Buying Land

How to Make an Offer on Rural Land

How to Make an Offer on Rural Land

Buying land is an exciting prospect. You get to think about what kind of place you want it to be, customize it how you want, and envision how it will be for you and your family for years to come. What if the seller accepts? What if they don’t? And what are the steps involved with making an offer on rural land in general?

What is an offer in real estate?

An offer to purchase is the first formal communication that leads to the final deal. It is a contract that lays out the foundation of terms both parties will be agreeing to. The purchase offer will serve as a blueprint for the final sale.

When making an offer to buy land, there is more to consider than just the price you will pay. One of the things to consider is earnest money, which can also be called the down payment. The second thing is to know when you have a legally binding contract. Let’s examine both below.

Earnest Money

It’s called earnest money for a reason – it’s your “skin in the game”, and it’s an indication of how much you are willing to risk should you fail to close on the contract. Without an earnest money deposit, buyers could easily make offers on multiple properties since they’d have nothing to lose by backing out of the deal.

Earnest money is not the same thing as a down payment. Earnest money shows the seller that you’re serious about the purchase, whereas a down payment shows the lender you’re serious about the purchase. That said, you can usually apply your earnest money deposit toward your down payment, so you don’t have to worry about saving up enough money for both.

Also, the more you are willing to pay as a down payment with your offer, the more likely a seller will negotiate with you on other issues (such as offer contingencies). Remember, the down payment is a credit towards the purchase price. So, assuming you intend to close (and you have well written contingencies) you are not really taking much risk. A large amount can (and usually will) get the seller’s attention and moving your way.

Once the purchase agreement has been signed, the seller’s real estate agent will place the earnest money in an escrow account until closing. This is because under certain circumstances your deposit is refundable. For instance, if the seller backs out of the deal, you will always get your earnest money back. Additionally, if contingencies that you write into your offer are not met, it will allow you to back out of the deal and keep your money.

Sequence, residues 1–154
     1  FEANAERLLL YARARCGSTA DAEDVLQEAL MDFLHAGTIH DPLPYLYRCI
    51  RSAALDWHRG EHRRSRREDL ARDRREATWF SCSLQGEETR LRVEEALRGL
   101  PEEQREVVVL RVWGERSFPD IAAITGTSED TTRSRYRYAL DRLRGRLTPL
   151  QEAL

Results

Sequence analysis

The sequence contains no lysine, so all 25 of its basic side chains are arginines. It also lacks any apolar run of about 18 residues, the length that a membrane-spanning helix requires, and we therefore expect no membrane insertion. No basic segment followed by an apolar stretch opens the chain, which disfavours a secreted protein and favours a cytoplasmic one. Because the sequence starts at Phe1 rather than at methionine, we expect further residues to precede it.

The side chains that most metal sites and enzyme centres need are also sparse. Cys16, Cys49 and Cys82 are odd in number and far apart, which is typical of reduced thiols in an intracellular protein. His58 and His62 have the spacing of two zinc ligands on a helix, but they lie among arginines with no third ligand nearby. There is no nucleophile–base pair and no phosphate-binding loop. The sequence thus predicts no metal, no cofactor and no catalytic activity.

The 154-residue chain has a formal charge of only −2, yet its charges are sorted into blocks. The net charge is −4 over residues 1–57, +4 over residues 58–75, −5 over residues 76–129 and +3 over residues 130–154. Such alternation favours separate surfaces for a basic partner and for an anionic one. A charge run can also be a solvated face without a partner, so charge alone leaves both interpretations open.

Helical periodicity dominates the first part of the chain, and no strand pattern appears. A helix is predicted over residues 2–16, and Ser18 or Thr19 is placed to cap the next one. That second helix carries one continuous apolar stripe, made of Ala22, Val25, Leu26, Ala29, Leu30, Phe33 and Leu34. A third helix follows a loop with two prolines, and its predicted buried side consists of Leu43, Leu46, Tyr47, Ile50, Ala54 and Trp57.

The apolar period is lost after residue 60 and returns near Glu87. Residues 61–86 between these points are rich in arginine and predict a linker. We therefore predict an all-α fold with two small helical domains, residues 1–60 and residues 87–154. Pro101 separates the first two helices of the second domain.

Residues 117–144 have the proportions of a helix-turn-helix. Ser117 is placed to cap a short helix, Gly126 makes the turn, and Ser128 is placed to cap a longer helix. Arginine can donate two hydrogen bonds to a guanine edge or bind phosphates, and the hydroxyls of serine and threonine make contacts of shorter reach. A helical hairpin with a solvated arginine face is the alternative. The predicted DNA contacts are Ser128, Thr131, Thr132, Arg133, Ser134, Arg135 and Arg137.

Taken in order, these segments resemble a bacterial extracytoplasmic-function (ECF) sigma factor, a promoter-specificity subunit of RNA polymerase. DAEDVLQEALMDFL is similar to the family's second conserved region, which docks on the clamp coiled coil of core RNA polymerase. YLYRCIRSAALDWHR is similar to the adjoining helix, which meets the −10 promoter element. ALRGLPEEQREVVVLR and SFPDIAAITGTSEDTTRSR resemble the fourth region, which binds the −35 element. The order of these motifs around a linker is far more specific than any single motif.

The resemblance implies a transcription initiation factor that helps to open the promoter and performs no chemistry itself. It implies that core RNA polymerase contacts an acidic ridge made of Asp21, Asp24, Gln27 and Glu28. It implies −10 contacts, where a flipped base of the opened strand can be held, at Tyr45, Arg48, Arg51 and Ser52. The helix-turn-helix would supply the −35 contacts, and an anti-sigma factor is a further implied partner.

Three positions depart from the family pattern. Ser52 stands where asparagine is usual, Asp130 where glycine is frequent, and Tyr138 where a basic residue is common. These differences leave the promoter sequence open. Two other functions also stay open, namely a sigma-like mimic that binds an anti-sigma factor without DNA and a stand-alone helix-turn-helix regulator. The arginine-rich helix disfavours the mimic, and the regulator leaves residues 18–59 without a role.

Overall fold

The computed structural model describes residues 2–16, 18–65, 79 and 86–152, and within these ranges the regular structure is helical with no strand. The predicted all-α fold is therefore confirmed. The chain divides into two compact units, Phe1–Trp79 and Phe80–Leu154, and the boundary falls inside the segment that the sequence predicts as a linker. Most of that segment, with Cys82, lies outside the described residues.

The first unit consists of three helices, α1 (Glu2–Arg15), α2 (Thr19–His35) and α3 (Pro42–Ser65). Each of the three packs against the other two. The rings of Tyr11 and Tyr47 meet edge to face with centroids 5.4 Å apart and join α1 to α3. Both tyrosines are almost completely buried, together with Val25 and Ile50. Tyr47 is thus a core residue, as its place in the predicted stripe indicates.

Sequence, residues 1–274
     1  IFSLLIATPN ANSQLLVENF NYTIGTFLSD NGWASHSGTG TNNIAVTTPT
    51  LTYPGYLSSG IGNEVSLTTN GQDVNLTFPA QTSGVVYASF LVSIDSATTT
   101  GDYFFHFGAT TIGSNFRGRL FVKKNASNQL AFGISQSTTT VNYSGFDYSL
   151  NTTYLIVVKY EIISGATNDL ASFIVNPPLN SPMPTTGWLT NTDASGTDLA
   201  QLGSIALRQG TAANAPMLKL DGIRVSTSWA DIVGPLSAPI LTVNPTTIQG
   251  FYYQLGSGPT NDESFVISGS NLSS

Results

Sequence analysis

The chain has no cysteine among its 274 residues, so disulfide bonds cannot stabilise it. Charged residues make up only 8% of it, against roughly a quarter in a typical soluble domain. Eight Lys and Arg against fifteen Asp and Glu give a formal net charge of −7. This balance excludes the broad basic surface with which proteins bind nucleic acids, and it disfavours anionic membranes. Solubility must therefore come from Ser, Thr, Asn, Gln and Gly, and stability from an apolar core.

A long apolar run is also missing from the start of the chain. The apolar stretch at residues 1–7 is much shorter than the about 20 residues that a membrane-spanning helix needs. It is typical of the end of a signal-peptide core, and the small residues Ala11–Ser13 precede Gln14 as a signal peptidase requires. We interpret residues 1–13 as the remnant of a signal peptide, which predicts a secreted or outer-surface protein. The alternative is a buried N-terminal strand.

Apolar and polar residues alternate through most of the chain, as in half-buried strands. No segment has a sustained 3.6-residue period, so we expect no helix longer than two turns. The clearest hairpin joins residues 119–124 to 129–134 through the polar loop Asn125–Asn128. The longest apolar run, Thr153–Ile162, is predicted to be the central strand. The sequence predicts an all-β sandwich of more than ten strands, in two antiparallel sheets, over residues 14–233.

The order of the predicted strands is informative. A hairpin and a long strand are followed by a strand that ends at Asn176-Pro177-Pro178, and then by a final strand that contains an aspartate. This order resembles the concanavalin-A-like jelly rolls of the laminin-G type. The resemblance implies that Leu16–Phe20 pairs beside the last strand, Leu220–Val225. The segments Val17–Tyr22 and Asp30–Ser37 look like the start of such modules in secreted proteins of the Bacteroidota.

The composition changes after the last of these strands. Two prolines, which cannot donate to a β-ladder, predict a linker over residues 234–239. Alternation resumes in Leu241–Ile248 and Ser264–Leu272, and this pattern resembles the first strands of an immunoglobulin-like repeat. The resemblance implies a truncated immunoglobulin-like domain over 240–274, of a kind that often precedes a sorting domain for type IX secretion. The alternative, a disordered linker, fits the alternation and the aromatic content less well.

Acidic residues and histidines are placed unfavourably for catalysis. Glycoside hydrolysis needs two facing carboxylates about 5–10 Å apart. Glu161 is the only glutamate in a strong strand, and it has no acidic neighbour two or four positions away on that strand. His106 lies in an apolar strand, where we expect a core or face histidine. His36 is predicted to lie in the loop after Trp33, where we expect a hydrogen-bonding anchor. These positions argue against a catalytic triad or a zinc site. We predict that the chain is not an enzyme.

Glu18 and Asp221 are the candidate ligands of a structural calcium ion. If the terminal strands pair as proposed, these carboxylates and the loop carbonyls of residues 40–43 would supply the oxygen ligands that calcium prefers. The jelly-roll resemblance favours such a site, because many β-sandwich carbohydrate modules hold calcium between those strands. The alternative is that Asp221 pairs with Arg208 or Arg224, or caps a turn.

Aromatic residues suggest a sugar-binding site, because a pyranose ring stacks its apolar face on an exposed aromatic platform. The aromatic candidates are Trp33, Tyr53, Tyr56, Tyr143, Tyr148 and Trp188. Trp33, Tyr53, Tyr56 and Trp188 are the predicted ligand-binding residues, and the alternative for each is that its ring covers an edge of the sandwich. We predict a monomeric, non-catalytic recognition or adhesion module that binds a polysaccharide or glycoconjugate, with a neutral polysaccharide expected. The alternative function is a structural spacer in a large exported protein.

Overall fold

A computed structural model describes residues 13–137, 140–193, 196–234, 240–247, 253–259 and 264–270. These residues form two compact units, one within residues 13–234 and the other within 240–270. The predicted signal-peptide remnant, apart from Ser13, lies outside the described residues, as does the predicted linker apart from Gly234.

When An Offer Becomes Binding

It is crucial to keep in mind that verbal agreements to sell real estate aren’t legally binding. To be legally enforceable, a contract to buy real estate must be in writing. Our brokerage has seen situations where a prospective buyer believed that by verbally accepting the price offered by a seller, the seller was legally obligated to close with them. The is not the case! Even if a seller verbally accepts your offer, they are free to accept a higher offer until your offer is binding legally.

Alabama real estate law stipulates that a contract is binding on the parties only after, 1) it is signed in writing by all parties (including initialing any changes made during counter offers), and 2) both parties have received copies that are fully signed and initialed. Also, remember that Alabama’s Statute Of Fraud requires all contracts to 1) be in writing, and 2) have ‘consideration’ (payment of money).

Once both parties sign the purchase offer agreement and after the brief celebration and sigh of relief, it’s time to begin the other steps that will lead you to closing day. 

When making an offer to purchase rural land, don’t be afraid to lean on your real estate agent for help, since they’re your go-to throughout the offer process. Making an offer to purchase land is not something to be done casually. When you make an offer, you’re taking a substantial risk by making a deposit, so you need to know what you’re agreeing to. Work with an experienced real estate agent and an excellent lawyer to ensure your best interests come first.

This content may not be used or reproduced in any manner whatsoever, in part or in whole, without written permission of LANDTHINK. Use of this content without permission is a violation of federal copyright law. The articles, posts, comments, opinions and information provided by LANDTHINK are for informational and research purposes only and DOES NOT substitute or coincide with the advice of an attorney, accountant, real estate broker or any other licensed real estate professional. LANDTHINK strongly advises visitors and readers to seek their own professional guidance and advice related to buying, investing in or selling real estate.

About the author

Tom Brickman

Tom Brickman helps people buy, sell and care for rural land. Located in Birmingham, Alabama, Tom has 40+ years of experience in the timberland investment & management businesses across the United States and Central America. He is a Registered Forester (and son of a forester) and Real Estate Broker.

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